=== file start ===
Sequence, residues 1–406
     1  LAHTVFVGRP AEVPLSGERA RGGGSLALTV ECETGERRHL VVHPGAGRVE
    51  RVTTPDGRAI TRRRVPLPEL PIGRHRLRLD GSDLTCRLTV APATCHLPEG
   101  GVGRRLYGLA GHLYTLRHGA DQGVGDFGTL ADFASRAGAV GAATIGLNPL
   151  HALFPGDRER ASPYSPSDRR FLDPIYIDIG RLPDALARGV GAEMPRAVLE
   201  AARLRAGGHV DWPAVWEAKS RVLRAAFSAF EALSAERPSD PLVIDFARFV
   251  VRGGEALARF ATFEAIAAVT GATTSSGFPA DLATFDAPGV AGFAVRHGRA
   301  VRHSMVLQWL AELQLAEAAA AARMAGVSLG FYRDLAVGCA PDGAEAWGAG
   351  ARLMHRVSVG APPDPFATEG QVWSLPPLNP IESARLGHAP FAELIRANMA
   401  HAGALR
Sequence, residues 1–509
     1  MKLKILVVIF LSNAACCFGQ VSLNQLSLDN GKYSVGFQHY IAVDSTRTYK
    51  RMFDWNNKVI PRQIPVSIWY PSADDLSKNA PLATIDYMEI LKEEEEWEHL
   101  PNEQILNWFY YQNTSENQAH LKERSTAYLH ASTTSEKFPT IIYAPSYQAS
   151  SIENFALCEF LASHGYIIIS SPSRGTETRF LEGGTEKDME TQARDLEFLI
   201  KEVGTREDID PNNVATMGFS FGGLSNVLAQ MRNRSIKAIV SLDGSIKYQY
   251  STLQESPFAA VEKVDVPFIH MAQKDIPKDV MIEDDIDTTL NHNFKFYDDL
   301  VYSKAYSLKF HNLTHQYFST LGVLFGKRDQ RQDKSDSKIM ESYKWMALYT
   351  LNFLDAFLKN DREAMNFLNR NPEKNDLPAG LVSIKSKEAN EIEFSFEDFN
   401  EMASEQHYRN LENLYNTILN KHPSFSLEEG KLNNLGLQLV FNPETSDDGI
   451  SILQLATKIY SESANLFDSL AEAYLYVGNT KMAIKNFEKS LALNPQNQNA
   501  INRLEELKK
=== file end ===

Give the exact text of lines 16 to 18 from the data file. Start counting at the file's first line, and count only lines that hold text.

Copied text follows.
   201  KEVGTREDID PNNVATMGFS FGGLSNVLAQ MRNRSIKAIV SLDGSIKYQY
   251  STLQESPFAA VEKVDVPFIH MAQKDIPKDV MIEDDIDTTL NHNFKFYDDL
   301  VYSKAYSLKF HNLTHQYFST LGVLFGKRDQ RQDKSDSKIM ESYKWMALYT